The Mugdock trails are popular, so be aware you may meet lots of mountain bikes, dog walkers and horse riders. Most are courteous and considerate, but passing a pram with a crying baby will challenge even the quietest horse, so try to make plenty of room if you see one approaching.
Flanders Moss is a vast expanse of all things damp and wonderful. From a distance you can make out the perfectly formed domes of peat as they rise gently from their surroundings. Closer up, squelchy mats of sphagnum moss carpet the reserve with their swirling colours, whilst adders and lizards bask in the sunshine. Listen out for the distinctive calls of snipe and stonechat or feel the slight shudder of the peat as it quakes beneath your feet.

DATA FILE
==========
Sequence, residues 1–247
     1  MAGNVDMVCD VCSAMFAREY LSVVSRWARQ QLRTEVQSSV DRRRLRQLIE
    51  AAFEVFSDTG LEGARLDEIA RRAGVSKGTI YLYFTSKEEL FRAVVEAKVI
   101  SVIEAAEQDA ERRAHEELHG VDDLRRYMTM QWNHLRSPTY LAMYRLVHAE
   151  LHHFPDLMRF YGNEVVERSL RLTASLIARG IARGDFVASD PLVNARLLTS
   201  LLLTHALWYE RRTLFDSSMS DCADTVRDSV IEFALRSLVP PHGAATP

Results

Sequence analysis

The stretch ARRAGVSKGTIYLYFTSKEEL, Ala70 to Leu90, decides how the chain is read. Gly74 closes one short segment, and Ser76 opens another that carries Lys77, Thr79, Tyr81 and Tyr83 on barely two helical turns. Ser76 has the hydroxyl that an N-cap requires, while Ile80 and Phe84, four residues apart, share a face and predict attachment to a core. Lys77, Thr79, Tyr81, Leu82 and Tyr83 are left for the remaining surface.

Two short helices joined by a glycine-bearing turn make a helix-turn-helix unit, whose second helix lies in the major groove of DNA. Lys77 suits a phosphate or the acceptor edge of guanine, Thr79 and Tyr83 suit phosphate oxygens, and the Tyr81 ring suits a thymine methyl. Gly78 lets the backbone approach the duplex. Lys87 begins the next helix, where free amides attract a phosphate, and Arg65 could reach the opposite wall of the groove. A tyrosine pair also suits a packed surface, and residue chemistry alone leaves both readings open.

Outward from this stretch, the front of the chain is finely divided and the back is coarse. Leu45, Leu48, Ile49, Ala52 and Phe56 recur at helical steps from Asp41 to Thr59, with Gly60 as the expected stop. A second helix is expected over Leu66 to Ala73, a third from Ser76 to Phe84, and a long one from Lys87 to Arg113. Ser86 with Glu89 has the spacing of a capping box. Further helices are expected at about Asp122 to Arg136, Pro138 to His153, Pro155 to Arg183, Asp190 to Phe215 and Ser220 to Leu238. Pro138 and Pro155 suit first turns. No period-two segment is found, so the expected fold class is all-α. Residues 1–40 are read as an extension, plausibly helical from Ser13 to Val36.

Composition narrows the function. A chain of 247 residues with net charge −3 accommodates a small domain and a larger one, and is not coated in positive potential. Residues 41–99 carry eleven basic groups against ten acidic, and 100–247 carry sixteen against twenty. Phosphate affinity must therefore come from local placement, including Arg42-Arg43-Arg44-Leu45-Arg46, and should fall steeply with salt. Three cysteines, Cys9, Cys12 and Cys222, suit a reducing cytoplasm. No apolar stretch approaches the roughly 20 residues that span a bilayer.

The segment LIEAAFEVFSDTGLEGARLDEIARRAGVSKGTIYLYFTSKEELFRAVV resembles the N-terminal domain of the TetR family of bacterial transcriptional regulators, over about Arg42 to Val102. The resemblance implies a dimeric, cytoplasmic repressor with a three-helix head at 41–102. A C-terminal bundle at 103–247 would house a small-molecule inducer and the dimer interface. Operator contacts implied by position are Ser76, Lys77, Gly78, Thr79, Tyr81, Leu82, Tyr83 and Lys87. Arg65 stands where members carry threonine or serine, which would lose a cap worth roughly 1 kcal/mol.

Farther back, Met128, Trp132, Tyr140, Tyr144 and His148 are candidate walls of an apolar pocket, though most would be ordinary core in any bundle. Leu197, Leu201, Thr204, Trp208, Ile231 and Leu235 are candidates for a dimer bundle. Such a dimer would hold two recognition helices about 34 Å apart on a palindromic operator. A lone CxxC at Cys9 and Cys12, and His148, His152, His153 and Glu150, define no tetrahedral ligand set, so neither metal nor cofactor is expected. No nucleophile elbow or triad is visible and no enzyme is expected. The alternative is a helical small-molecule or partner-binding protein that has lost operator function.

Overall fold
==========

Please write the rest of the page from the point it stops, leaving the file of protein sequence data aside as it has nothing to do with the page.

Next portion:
Situated near Thornhill, off the B822, there is a good car park right at the entrance to this National Nature Reserve. Less than 1km in distance with wooden boardwalks, and level aggragate paths, this is an ideal short walk with a buggy or little people. It even has a lookout tower reminiscent of the one in the kid’s TV series Paw Patrol. Lot’s of squelchy fun.
Famous for the annual Buchlyvie 10K Race, this is a good path for little people, and is located within Buchlyvie, just off Station Road. It follows the same path signed for Aberfoyle – head down Station Road, over the burn and turn down the first road on the right (Woodend). This is a good level path and is a perfect out-and-back route for little people. it can get a little overgrown in the Summer months. The Coffee Kiln in Buchlyve is the perfect stop for homemade cakes or freshly prepared hot soup & lunch options, and they are lovely people and very kid-friendly.